Can You Fully Trust Your Prospects?

Posted: October 30, 2015

trustAre you placing too much trust in your prospects? Maybe. In today’s regulatory environment, knowing the number type, wireless or landline, is extremely important. Some companies rely on their prospects to “self-identify” their number type when they provide their contact information. If consumers are your source for wireless/landline status of phone numbers, read on to find out why this can be an issue and how you can restore trust in your lead and customer contact information.

Consider this scenario:



The form

  • Your company has an inquiry form with required “Home Phone” and “Mobile Phone” fields. For many consumers, particularly millennials, their mobile phone is their home phone number as most do not have a landline connected at their home for personal use. Therefore, they may inaccurately enter their mobile in the home field, or even both fields.
  • The form does not grant express written consent. To call a wireless number with an automated telephone dialing system (ATDS) for telemarketing purposes, express written consent is required.


The assumptions

  • The “Mobile Phone” numbers are wireless. You’ll call those manually.
  • The “Home Phone” numbers are landlines. Dialing with an ATDS is acceptable as long, as the DNC rules are considered. To add an additional layer of complexity, the recent declaratory ruling from the FCC made important changes to the interpretations of manual/automated dialing systems (here’s a link to the white paper addressing the ruling’s key elements). If you’re dialing with an unverified dialing system, we recommend expert verification.

This scenario is perfect for an opportunistic professional plaintiff that seeks out web forms that don’t grant express written consent, fills them out with a known wireless number, and waits to be called with an ATDS.

The hard truth is that blindly trusting the consumer to accurately divulge the number status can be dangerous with the increasing popularity of TCPA class actions. This year we have encountered companies that have obtained lists they assume are free of wireless numbers, only for us to analyze the list and find it has a substantial amount of mobile numbers inaccurately identified as landlines. One of the companies had a web form where consumers self-identified a number as wireless or residential. Don’t let this be your company!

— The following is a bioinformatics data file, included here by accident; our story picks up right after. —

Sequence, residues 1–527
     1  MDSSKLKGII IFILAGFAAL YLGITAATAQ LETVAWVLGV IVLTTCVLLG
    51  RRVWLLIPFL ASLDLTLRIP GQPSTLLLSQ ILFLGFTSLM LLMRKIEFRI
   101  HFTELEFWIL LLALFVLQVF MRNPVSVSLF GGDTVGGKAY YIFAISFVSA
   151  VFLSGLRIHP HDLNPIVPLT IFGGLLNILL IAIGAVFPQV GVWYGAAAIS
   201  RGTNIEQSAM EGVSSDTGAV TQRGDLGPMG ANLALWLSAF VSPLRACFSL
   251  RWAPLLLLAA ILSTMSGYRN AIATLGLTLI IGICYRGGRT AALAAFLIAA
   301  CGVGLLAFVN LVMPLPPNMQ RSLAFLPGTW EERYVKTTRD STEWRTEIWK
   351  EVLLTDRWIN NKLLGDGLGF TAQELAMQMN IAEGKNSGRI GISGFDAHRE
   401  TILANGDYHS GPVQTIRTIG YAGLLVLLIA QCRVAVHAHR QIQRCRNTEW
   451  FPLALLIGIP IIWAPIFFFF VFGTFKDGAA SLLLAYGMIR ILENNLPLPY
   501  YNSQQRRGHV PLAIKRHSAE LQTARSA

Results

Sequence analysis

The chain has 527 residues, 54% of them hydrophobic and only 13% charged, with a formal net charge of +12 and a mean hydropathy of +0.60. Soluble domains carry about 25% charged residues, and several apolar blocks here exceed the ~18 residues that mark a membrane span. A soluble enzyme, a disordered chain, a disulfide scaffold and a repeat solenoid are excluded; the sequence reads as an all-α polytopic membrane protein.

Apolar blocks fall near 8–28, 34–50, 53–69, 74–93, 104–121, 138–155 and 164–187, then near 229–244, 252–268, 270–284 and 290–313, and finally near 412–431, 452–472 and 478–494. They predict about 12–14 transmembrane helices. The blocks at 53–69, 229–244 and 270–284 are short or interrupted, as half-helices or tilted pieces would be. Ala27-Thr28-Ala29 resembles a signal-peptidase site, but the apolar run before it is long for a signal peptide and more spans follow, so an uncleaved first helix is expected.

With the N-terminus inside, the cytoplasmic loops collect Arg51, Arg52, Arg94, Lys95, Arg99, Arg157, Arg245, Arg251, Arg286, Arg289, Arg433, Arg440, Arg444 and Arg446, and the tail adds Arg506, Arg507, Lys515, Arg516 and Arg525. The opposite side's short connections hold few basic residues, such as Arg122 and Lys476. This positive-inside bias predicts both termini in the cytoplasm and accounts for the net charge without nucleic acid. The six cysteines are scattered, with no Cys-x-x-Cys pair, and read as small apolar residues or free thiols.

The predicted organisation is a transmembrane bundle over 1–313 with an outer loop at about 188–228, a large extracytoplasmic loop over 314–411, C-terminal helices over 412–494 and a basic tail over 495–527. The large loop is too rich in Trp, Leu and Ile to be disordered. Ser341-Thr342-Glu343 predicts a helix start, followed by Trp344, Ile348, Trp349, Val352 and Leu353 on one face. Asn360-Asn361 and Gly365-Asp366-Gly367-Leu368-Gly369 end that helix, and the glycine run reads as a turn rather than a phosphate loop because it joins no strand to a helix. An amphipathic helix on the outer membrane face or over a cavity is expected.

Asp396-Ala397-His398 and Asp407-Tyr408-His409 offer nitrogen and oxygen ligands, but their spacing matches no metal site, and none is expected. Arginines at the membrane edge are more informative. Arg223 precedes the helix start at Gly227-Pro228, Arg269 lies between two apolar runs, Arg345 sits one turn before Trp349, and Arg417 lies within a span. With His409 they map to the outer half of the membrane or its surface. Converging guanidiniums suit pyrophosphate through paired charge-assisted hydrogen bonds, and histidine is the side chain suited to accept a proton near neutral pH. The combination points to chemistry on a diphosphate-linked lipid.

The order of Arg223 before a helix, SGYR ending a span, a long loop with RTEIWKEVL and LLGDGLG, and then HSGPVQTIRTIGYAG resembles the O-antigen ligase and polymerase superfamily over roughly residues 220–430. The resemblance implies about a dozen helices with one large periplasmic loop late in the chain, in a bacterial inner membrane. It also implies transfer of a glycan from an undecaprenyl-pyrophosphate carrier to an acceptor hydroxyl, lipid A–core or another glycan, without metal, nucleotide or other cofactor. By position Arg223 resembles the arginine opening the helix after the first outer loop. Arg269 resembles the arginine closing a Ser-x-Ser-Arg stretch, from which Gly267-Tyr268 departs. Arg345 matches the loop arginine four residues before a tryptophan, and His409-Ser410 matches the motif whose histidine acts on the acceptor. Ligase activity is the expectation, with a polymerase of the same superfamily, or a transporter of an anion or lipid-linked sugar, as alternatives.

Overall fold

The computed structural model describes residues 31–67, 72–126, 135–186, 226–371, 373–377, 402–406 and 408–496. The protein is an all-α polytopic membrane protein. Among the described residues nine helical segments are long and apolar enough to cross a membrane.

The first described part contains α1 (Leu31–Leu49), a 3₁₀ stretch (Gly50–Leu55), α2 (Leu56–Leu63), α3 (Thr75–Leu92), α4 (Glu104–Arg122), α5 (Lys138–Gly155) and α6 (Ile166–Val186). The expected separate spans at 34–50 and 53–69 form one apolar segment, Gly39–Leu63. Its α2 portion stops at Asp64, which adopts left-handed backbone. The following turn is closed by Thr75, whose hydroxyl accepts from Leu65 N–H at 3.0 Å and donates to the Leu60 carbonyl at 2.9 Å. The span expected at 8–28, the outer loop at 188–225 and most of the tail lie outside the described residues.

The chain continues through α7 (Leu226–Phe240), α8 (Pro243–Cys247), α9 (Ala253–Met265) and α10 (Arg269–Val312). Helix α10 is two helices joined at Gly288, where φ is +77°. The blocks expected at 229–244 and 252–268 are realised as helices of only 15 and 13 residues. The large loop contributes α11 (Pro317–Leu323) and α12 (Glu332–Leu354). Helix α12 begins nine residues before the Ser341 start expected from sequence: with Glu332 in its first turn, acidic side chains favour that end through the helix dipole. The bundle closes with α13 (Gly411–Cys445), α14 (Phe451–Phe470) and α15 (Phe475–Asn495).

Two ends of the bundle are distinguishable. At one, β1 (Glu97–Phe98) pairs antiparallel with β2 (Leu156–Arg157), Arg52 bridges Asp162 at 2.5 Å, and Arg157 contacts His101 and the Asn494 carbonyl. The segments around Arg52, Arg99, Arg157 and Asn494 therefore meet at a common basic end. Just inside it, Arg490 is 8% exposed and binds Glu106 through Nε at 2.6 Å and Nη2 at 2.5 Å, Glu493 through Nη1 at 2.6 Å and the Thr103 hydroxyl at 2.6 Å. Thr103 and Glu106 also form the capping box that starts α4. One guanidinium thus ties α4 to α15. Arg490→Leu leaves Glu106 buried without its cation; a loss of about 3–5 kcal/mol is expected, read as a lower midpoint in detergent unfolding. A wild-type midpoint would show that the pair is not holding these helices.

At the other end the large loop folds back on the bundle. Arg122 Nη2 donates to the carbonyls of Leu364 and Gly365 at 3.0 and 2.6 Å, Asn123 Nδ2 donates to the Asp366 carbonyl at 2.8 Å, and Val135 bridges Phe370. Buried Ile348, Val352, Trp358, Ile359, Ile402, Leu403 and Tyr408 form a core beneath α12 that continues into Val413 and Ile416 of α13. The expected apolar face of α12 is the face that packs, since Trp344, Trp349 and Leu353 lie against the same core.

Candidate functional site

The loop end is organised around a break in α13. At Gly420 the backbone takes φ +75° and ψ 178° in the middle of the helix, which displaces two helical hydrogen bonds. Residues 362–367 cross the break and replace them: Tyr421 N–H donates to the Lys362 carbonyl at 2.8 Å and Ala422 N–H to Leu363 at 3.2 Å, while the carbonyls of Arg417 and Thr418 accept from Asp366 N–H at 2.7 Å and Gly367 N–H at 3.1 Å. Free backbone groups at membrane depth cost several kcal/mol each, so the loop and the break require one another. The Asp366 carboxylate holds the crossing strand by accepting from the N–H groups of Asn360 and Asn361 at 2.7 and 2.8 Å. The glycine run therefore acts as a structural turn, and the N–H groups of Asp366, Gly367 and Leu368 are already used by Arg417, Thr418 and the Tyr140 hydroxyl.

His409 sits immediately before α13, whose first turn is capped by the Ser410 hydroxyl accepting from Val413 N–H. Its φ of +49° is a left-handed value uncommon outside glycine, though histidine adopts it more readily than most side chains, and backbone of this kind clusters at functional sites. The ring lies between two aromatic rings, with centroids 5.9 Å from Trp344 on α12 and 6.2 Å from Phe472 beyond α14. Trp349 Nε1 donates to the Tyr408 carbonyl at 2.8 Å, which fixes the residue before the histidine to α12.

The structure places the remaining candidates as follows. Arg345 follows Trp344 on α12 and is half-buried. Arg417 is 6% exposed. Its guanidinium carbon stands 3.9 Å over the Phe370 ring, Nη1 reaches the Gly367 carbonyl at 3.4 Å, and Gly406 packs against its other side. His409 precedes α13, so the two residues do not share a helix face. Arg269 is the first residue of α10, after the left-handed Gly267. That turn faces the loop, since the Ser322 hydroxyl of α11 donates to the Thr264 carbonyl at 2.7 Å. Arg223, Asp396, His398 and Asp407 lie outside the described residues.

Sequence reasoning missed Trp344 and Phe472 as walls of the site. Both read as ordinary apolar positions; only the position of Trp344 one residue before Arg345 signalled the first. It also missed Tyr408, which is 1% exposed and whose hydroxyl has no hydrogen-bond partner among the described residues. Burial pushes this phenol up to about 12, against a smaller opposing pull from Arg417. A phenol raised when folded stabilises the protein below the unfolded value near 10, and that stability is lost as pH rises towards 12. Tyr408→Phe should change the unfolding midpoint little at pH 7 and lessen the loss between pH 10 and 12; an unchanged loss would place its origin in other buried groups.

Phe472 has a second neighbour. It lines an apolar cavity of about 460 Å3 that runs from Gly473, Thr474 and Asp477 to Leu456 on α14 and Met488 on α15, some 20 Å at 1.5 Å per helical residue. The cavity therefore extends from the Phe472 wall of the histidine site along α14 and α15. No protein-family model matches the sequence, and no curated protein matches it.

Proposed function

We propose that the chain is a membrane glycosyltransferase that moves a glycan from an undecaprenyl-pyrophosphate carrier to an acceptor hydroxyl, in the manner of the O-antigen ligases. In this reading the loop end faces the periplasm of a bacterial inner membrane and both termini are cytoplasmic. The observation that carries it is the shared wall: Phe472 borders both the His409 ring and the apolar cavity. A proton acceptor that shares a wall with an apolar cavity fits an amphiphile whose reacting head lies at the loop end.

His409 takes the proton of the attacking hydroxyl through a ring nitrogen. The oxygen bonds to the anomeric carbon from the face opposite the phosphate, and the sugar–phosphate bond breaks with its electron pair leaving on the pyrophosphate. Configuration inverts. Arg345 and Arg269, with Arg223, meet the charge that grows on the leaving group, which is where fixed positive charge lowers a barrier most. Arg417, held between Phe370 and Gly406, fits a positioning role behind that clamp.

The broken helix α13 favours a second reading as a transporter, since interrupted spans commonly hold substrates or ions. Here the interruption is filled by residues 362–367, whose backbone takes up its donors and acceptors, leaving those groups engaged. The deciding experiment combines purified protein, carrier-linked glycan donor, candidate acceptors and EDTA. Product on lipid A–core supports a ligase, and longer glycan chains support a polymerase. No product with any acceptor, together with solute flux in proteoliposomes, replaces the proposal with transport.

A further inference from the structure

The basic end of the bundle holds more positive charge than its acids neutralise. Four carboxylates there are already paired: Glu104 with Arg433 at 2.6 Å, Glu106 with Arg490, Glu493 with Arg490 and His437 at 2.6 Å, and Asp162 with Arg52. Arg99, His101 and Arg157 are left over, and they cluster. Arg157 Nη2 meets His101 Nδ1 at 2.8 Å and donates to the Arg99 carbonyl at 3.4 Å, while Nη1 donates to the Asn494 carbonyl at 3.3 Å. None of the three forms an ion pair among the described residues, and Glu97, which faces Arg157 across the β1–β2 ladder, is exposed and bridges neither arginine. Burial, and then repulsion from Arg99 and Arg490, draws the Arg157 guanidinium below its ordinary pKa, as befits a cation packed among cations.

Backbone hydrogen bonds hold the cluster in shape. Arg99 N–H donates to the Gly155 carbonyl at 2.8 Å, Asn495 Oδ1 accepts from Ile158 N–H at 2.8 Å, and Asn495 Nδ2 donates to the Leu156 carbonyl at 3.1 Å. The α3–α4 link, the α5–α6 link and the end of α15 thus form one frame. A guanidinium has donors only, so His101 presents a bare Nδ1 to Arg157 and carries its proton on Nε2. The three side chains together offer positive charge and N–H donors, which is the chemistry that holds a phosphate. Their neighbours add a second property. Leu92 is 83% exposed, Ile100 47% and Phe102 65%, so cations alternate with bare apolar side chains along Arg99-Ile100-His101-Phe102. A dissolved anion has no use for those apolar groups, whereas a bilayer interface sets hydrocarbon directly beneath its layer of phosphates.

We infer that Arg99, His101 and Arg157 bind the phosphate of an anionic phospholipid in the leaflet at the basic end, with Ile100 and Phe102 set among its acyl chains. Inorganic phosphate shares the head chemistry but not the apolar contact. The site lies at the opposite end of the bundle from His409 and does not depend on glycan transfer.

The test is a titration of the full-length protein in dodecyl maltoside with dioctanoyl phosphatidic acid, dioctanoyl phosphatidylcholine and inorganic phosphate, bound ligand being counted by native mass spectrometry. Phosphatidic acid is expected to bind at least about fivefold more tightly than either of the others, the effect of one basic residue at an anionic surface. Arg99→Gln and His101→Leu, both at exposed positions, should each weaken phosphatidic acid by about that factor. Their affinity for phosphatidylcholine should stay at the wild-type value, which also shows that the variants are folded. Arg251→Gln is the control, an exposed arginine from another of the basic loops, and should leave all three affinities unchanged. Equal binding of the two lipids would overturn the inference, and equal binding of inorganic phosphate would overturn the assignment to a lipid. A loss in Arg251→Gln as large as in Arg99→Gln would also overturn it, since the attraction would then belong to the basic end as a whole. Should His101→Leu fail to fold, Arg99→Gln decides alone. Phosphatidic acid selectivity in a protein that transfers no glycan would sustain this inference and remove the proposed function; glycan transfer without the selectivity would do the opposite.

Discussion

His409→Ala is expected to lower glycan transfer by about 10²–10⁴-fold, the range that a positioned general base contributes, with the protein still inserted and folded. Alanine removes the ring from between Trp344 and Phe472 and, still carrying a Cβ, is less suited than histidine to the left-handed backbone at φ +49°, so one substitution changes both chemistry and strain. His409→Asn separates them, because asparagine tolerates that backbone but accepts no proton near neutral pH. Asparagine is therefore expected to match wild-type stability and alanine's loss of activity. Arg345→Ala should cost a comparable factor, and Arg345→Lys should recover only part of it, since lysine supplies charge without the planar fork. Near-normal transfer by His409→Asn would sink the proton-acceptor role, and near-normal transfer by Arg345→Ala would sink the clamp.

To increase the confidence that you’re not unintentionally calling mobile numbers and stumbling into a potential TCPA class action lawsuit, we recommend accessing the Wireless Block Identifier and one of the available Ported Number lists to appropriately identify wireless numbers. Accessing these lists allows you to make the informed decision to suppress wireless numbers or contact them with an alternate method. These lists are also critical if your company may call a number more than 15 days after the consent was obtained-the FCC provides a 15 day safe harbor to identify a number that is now wireless and to dial it appropriately.

Just last week the FCC announced it would release to the public, on a weekly basis, the detailed complaint data on unwanted prerecorded messages or “robocalls” and telemarketing calls from its Consumer Help Center. Utilizing the lists mentioned above could reduce your risk of complaints and the chance your company’s calls are filtered or blocked before they ever reach the consumer.

If you’d like more information on wireless number identification, determining the status of your dialing system, or any other topics mentioned here, please reach out to us at consulting@compliancepoint.com.

 

Mark Baker

Author: Mark Baker

Mark Baker, a Consultant at CompliancePoint, focuses on providing accurate and relevant compliance consultation on US federal and state consumer contact requirements to clients in a variety of industries. He assists clients with mitigating the risks associated with direct marketing by helping to refine the processes and procedures necessary to comply with consistently changing and complex consumer contact requirements. Mark earned his Customer Engagement Compliance Professional (CECP) certification from the Professional Association for Customer Engagement (PACE) and received his M.S. in Biology from Georgia State University, where he gained extensive experience researching complex topics.

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